Kamuela E Yong
Bringing Community Together: Indigenous Mathematicians Co-Founder, Kamuela Yong
It wasn’t until his senior year of college that Dr. Kamuela Yong realized he wanted to be a mathematician. Though he’d been on the math team in high school and had always loved the discipline, “I just never really thought I could have a career in math. I had no idea what mathematicians do,” he reflected. In college, he studied civil engineering at Loyola Marymount University. After taking some math classes – and then a lot more – he double majored in civil engineering and applied mathematics. For his senior thesis, he worked with a professor on a mathematical modeling project. “This really showed me I can use my creativity to apply math to problems in the real world,” he reflected. His thesis opened his eyes to the idea that scientific research could be fun. At that moment, he decided to pursue a PhD, but still hadn’t decided whether it would be in math or engineering. After much discussion with his advisors, he ended up pursuing a PhD in applied mathematics at the University of Iowa.
“I realized as an applied mathematician, I didn’t have to be an engineer. I could do applied math models on conservation of endangered species, I could study diseases. It’s limitless,” he said.
Though he loved math, his PhD program wasn’t an easy path. “I started graduate school and found myself in over my head. The first week of class covered everything I learned in undergrad. I started reflecting: do I belong here?” He felt alone in more ways than one. “As I started going to conferences as a graduate student, I realized there was no one who looked like me. The field of math is mostly white,” Yong reflected. Though he was welcomed into math communities by other BIPOC (Black, Indigenous, and People of Color), these felt like “borrowed spaces,” he said. In fact, when he earned his PhD in 2012, he became the first Native Hawaiian to earn a PhD in applied mathematics. Since graduate school, he has spent much of his career supporting fellow Indigenous people pursuing degrees and careers in mathematics.
“I didn’t experience racism in academia in the same ways a lot of people did, I was viewed as a novelty,” he said. “I would be introduced as the first Native Hawaiian to get a PhD in applied math, but not by name sometimes. And not who I am as a mathematician. I was viewed as a token, not as an academic.”
He has supported Indigenous people in mathematics in several ways. Last year, he co-founded Indigenous Mathematicians. The idea started in 2019, when Yong and Dr. Rebecca Garcia organized a panel of Pacific Islanders in mathematics at the Society for the Advancement of Chicanos and Native Americans in Science (SACNAS) conference. “It was a very powerful moment that will live with me forever,” Yong reflected. After the panel, a group of Pacific Islander mathematicians had dinner and decided to create a community which would eventually be extended to all Indigenous people in the field. The Covid-19 pandemic struck soon thereafter, so they organized online. First, the group wanted to identify other Indigenous mathematicians. It was a very grassroots effort. “I went through websites of all math departments in the Pacific and found people who had Polynesian names or mentioned it in their bio,” said Yong. “Then I started a spreadsheet, and it started to grow. People would recommend other people from Canada to Australia. Now I have just under 40 people with a doctorate in the mathematical sciences.”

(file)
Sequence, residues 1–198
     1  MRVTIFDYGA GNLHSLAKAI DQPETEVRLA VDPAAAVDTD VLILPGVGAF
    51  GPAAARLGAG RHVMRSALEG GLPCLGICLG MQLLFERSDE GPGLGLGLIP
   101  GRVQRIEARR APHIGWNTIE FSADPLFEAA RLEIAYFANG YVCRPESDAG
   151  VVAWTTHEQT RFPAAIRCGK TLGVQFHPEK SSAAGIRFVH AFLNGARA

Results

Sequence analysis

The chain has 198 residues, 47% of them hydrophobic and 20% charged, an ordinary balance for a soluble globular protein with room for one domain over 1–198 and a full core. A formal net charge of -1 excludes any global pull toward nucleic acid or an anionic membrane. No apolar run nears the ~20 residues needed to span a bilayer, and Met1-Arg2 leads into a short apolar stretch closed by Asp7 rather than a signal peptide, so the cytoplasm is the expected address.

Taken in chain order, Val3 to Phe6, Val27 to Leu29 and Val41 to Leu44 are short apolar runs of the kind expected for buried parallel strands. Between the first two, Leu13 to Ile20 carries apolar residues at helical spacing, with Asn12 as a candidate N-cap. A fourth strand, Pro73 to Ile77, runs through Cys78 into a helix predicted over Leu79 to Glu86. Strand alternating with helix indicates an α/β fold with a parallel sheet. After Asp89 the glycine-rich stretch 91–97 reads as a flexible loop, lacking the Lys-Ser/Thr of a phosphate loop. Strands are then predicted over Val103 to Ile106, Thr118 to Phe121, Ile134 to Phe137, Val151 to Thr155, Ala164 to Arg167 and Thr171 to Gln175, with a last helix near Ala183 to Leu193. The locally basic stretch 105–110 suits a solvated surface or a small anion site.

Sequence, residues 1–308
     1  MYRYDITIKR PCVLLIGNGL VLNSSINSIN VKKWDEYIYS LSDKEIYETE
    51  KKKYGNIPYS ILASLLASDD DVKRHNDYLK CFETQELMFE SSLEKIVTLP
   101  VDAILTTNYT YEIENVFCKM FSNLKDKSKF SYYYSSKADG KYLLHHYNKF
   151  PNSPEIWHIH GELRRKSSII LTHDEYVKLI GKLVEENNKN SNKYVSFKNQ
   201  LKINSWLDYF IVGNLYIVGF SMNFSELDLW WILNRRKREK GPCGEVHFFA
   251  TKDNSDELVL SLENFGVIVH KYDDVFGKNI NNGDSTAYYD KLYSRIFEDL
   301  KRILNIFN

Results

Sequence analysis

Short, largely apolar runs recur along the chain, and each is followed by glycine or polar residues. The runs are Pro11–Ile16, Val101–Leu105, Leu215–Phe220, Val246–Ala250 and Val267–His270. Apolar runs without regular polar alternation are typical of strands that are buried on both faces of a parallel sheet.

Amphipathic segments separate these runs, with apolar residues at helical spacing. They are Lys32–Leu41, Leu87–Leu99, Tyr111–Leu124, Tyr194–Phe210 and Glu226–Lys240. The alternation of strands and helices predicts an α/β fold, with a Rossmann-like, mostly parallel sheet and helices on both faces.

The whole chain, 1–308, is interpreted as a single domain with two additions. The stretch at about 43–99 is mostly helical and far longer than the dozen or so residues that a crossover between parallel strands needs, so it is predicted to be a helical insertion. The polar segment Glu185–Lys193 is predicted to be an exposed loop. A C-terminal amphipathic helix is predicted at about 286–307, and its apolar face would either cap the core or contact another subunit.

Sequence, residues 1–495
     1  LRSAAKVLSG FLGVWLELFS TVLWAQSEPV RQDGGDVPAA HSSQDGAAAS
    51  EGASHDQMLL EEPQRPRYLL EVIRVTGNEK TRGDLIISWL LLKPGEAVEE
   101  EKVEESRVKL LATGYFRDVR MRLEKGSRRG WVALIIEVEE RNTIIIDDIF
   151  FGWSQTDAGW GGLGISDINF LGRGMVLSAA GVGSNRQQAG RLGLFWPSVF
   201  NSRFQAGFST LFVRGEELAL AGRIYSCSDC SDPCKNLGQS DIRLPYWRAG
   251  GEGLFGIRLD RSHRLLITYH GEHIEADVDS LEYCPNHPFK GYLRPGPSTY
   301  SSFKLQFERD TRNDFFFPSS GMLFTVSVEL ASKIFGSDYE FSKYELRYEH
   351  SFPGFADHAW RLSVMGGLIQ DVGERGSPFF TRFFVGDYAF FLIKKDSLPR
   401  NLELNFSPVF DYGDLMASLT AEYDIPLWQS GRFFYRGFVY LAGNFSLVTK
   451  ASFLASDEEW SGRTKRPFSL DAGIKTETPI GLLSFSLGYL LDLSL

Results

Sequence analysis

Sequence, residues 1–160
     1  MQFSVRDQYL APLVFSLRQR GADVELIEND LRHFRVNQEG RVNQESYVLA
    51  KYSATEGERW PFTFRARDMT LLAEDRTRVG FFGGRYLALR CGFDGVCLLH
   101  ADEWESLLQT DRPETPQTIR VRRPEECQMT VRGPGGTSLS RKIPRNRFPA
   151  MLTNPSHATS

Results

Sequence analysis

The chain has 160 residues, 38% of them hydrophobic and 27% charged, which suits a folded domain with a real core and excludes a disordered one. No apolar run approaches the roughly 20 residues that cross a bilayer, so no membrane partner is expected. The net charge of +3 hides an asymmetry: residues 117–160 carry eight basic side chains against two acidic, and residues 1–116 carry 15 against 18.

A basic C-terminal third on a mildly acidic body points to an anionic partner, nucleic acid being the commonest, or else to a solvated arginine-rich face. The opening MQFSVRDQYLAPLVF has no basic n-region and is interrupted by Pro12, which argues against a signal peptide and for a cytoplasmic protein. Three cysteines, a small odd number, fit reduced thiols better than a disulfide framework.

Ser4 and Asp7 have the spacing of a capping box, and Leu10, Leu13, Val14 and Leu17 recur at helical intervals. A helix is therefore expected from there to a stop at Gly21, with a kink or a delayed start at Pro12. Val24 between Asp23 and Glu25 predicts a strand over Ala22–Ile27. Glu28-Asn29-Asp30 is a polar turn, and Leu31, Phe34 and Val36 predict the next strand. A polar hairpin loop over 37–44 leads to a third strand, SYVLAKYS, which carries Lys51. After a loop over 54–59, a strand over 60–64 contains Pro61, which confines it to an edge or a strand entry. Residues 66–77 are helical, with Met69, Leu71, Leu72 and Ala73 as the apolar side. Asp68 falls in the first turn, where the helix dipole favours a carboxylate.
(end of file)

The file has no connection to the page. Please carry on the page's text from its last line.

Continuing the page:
In addition to building community for Indigenous mathematicians, he is working to integrate Indigenous knowledge into his undergraduate math courses. He is currently a professor at the University of Hawaiʻi, West Oʻahu, where about 30% of students on campus are Pacific Islander. His undergraduate pre-calculus course is taught through the perspective of Polynesian navigation, like “looking for signs to indicate you are approaching land such as clouds that form over land, land-based seabirds, or changes in swells refracting off land. Then once they are interested in the problem, I introduce the math that determines when an island first appears over the horizon.” He is currently trying to redesign his curriculum to include more place-based and culture-based knowledge in the classroom. “When you have a group that is very underrepresented, you never know what you’re missing out on.”
In addition to his work supporting Indigenous students and mathematicians, Yong values spending time with his family. “I always make sure to carve out days where I’m devoted to being there for my son and my wife. That really helps me keep going knowing that sometimes I need to set aside what I’m doing to be there for them.”
Meet more Indigenous Mathematicians here.
Author Bio: Abaki Beck (Blackfeet and Red River Métis) is a freelance writer and public health researcher passionate about health equity in Native communities, particularly for justice-involved community members. She earned her Master’s in Public Health in 2020 and grew up in Montana.
This article is supported by the generous support of the Tensor SUMMA Grant! Thank you!